The Old Passage Inn, Arlingham

Richard Johnson receives a lukewarm reception, and not quite piping hot food, at the award-winning Old Passage Inn seafood restaurant in Gloucestershire
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The Old Passage Inn overlooks the lowest crossing point on the River Severn - a narrow throat of fast-flowing water where the grand, green hills converge. It's a beautiful spot, marked "PH" on my Ordnance Survey map. But The Old Passage Inn isn't a Public House any more. Even though The Publican voted it the Best Seafood Public House of 2003. It's a restaurant now - a restaurant with one hell of a view.

Posted by the front door is a sign asking you to turn off your mobile phone. And another sign asking you to take off your walking boots. As I sat down at our table, and noticed the sickly pallor of our fellow diners, I felt like writing a sign of my own. "The Sylvania Spot Gro R-30 lighting system might be good for greenhouse seedlings. But not for diners in a restaurant. Please note."

I apologised to our waitress for the fact that Neris and I were early. We were then left, unfed and unwatered, for 25 minutes. It felt like punishment. But it did give us time to read the menu - forwards and backwards. I even started making anagrams out of the plats du jour. A menu as descriptive as this (including "beer-battered Cornish day-boat haddock") could have kept me busy for hours.

The tables were too close together. That's when I remembered what the lady had said to me on the phone when I booked. "You are lucky," she said. "We can fit you in at 7.45pm." I didn't realise she was talking literally. But it all started to make sense. The Old Passage Inn - Best Seafood Public House of 2003 - has started to get a bit too big for its boots.

After the assiette of home walnut-smoked Scottish salmon with avruga caviar and lemon (£7.50), I could understand why. In fish smoking - as in wine - oak gives a rather obvious flavour. Walnut is a pleasant change. And the fish had a wonderful buttery quality. Avruga is made from herring roe. It's more smoky and lemony than the real thing, with a less satisfying fish flavour. But you can see why restaurants favour it - it doesn't bleed colour like cheap lumpfish roe, and it's less than one-tenth of the price of the good stuff. So restaurants can be more generous, and then claim they're doing it to save the sturgeon. But this tiny pile of eggs was little more than a garnish.

The fish soup with croutons, Gruyère and saffron mayonnaise (£6.10) looked like a bouillabaisse. But without rascasse, the ugliest fish in the world. Rascasse isn't easy to find off the British coast but, according to a chef I met in Nice, "a bouillabaisse without la rascasse is like a watch without a mainspring". Evidently he hasn't heard of digital watches. But let's not spoil his simile.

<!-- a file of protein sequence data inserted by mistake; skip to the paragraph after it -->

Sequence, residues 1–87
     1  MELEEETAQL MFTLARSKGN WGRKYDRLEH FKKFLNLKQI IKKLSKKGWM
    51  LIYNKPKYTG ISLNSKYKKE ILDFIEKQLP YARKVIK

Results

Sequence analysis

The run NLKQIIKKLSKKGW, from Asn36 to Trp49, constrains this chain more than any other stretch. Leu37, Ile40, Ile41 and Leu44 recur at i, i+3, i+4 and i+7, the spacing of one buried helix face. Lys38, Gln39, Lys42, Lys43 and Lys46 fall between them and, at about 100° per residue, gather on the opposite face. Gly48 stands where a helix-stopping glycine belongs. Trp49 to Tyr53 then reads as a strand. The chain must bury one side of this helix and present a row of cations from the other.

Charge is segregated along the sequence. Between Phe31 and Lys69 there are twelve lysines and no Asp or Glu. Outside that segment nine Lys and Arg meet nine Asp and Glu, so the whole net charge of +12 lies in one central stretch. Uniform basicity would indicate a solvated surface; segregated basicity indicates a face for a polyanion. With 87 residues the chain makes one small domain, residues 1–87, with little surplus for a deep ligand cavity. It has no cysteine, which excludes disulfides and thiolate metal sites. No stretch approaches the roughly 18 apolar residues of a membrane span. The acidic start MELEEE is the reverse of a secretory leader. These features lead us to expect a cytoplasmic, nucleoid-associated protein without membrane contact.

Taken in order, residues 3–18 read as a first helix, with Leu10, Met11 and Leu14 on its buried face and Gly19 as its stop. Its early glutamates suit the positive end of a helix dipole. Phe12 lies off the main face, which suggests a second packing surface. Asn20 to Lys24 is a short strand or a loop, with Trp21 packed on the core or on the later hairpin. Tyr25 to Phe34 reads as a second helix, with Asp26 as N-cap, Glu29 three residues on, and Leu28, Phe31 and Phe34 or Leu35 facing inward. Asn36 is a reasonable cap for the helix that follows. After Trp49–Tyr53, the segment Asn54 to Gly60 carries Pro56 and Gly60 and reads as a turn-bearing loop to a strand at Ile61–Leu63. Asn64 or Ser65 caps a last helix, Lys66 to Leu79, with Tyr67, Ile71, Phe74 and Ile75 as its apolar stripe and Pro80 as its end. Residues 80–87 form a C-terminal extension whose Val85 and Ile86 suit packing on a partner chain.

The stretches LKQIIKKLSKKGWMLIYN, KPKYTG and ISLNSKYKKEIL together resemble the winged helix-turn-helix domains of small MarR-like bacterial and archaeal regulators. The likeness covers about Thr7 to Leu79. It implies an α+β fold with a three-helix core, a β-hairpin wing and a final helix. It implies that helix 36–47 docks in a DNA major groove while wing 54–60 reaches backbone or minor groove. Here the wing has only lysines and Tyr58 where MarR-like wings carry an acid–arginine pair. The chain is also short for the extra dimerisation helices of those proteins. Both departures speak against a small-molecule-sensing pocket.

A good bouillabaisse uses every bit of the fish - from the stomach to the backbone - which can make the end product taste bitter. But this soup was just bitter enough. And, when the mayonnaise was stirred in, it created a seductive brick-red streak. We thoroughly stained the tablecloth with it. In Nice, chefs consider this an honour.

The pan-fried razor clams with almond, ginger and coriander butter seemed good value at £6.50. Razor clams are difficult to catch, and easily lost in heavy surf and bulky waders. So I should have been more grateful when they arrived at our table. But they looked like diseased liver flukes, their squid-like taste wasn't compensation enough, and to make matters worse, they arrived lukewarm.

We stuck with fish as main courses. After all, Neris was intrigued by the "poached rolled Dover Sole fillets filled with salmon and crayfish mouse" (£16). I opted to be official taster. There was no topnote of mouse. But there was no mousse either. Mousse means "froth served in a mould", and this was more of a paste. Either way, the dish was lukewarm too.

Like the turbot. At the height of the season, the turbot yields firm, snow-white flesh. But this isn't the height of the season. Right now, the female is busy laying 15 million eggs, and her flesh has become watery. I decided to chance it, and I'm glad I did. The poached turbot on a bed of buttered spinach with English asparagus, broad beans and saffron caviar sauce (£18.50) was a delicate match of flavour and texture.

As Alain Ducasse once said: "Turbot without genius is better than genius without turbot." And I think he's right - the fish still tasted wonderful - but would have been more wonderful still, if it had been warm. God decided that the turbot would swim on its side because it refused to participate in the whole loaves-and-fishes episode. Maybe, verily, He still hasn't finished getting His own back.

The Old Passage Inn aims to treat the best ingredients simply. Which it does, to a point. But there are other things the management might like to consider. Like how to serve fewer covers, and concentrate on getting food to the table while it's still hot. I would like to hang a sign round the kitchen door-knob saying "It was only an award from The Publican, you know."

Be humble. God might be watching.

The Old Passage Inn, Passage Road, Arlingham, Gloucestershire (01452 740547). Visit www.visitheartofengland.com

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